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The Preciousness of the Kingdom

The Preciousness of the Kingdom

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Published by: Grace Church Modesto on Jan 06, 2010
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02/01/2013

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\u201cThe Preciousness of the Kingdom\u201d
(Matthew 13:44-46)

To this point, Jesus has shown us several things about the kingdom of heaven. He has shown us how God has ordained that it grows -- through the preaching of the Gospel --, how it will be a mixture of both believers and unbelievers until the very end of the age, and how it will begin very small but become very great and powerful. I didn\u2019t bring this out before, but Jesus, in every case except that of the parable of the Sower, gives two parables to make each point, each differing just a little bit in its emphasis. And the way He does it is quite interesting. He gave us the parables of the Mustard Seed and the Leaven to tells us about the growth of the kingdom. This morning, He will give us the parables of the Hidden Treasure and the Pearl of Great Price to show us how valuable the kingdom is. And at the beginning and at the end of these two pairs of parables, He sandwiches them in with the parables of the Wheat and the Tares and the Dragnet to show us the mixed character of the kingdom. There has been a lot of discussion in academic circles about the significance of structure in the Bible: why it is that the authors and

speakers arrange the things they say as they do. The answer is that they do it for emphasis. In those day they didn\u2019t have paragraphs and italics and underlining to emphasize what they were writing. The way they did it was mainly through structure and repetition. Here, there is a definite structure and a repetition of ideas in these pairs of parables. Jesus then is underscoring for us the importance of these truths, so that we might pay special attention to them. He wants us to know that the kingdom will be a mixture of both wheat and tares, so that we will make sure that we are of His wheat and are not tares ourselves. He wants us to know that even though this is the case, the kingdom will still belong to Him -- it will still be His wheat field. He wants us to know that even though it may appear that the kingdom of heaven is not very influential in the world now, that one day it will be. We need therefore to trust His word and not our eyes.

But there is one more thing Jesus underscores for us this morning, and that is the value of this kingdom and
what it is we should be willing to give up in order to enter into it. What He tells us is that, The kingdom of heaven
is worth more than anything else in the world, and we should be willing to part with everything in order to have it
for ourselves.

Now let\u2019s look first at the similarities and difference that there are between these two parables. Notice that in both parables there is a treasure. In the first parable the treasure is something hidden in a field. We aren\u2019t told what it is, but it seems to be something which the man could not pick up and run away with. He had to buy the field in order to get it. It was probably something attached to the land, like a vein of gold, which if he wanted to have it, he had to buy the land that it was buried in. In the second, the treasure is a pearl of great price. This is a pearl of such beautiful and unique quality that it is worth a great deal. Another similarity is that in both cases, the men who found them were willing to sell all that they had to get that treasure. This treasure was worth more to them than anything and everything else they had, and they would gladly give it all up to have it. But the difference is that the man who found the hidden treasure wasn\u2019t looking for it. He appears to have simply stumbled across it one day. But the merchant who found the pearl of great price was looking for it. He was actually searching for fine pearls, and came across one which was so precious, that all the others became unimportant to him.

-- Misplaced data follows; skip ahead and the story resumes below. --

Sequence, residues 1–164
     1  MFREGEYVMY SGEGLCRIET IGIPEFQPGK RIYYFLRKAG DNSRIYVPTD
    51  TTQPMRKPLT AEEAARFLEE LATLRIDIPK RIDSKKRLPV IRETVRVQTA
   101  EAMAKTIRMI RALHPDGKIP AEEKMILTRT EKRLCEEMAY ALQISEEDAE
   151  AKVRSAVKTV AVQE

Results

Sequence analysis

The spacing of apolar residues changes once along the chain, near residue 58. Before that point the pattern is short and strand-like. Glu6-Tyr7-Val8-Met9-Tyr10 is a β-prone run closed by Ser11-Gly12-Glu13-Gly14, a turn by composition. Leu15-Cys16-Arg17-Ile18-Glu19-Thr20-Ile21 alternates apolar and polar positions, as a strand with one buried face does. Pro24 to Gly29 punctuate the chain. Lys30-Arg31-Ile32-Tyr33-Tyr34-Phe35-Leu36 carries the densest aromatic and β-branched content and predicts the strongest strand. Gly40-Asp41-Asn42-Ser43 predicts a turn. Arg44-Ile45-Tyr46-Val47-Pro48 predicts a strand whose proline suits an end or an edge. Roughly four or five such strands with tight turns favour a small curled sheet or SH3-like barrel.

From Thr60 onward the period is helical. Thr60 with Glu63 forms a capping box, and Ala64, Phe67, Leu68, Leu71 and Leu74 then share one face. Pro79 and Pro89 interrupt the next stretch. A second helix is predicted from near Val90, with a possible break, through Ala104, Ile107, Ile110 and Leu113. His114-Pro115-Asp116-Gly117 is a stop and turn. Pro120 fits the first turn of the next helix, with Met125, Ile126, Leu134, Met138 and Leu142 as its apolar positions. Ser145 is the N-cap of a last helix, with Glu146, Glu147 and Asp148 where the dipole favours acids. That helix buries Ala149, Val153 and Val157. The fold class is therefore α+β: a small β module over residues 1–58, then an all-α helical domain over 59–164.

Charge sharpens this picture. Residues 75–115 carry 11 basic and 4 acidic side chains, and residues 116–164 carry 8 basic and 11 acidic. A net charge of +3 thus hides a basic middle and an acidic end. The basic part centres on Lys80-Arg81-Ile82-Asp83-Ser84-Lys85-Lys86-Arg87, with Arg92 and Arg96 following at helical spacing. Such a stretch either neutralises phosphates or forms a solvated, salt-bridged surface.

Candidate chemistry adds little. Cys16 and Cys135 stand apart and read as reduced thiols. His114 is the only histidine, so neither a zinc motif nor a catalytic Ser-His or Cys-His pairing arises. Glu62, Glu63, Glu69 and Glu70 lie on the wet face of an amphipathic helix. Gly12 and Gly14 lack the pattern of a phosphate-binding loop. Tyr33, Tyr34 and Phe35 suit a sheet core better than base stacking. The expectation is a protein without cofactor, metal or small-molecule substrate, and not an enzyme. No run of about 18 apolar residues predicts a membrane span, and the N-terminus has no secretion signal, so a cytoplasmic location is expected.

Now what do these things mean? First we need to see that the treasure in both cases is the kingdom of
heaven. Jesus says, \u201cThe kingdom of heaven is like a treasure hidden in the field . . . The kingdom of heaven is like
a merchant seeking fine pearls\u201d (vv. 44, 45). It is the kingdom that is precious. Now why is this true? Well, we
need first to understand that the kingdom does not refer to the same thing as in the parable of the Wheat and the
Tares and in the parable of the Dragnet. There the kingdom is the whole world. It has in it both those who will be
saved and those who will be lost. Everyone is born into it in this sense. No one needs to seek it. Simply by being a
member of the human race, you are already in it. No, what is being referred to here is the redemptive kingdom of
God, the same thing referred to in the parables of the Mustard Seed and the Leaven, the one that is growing and will

eventually fill the earth. Those who are a part of this kingdom are those who will also inherit the eternal kingdom of

God. To have this is to have eternal life. But not to have it is to be an heir of hell. This by itself certainly makes the kingdom of heaven a treasure worth selling all for. But it\u2019s not only for this reason that it\u2019s called a treasure. The main reason comes from the relationship which everyone has who is a part of it: They are in relationship with Christ, and through Christ with God. To the true Christian, heaven wouldn\u2019t be heaven without Christ. To put it graphically, if God decided to dwell in hell, and to leave heaven to everyone else, the Christian would rather be in hell, than in heaven. It is God\u2019s presence that makes heaven what it is. It is mainly for the sake of God and Christ that the saint wants to be there. This is treasure indeed: to be in union with Christ and to have God as your Father.

Now, we are told that this is so great a treasure, and it appeared to be so to both men, that both of them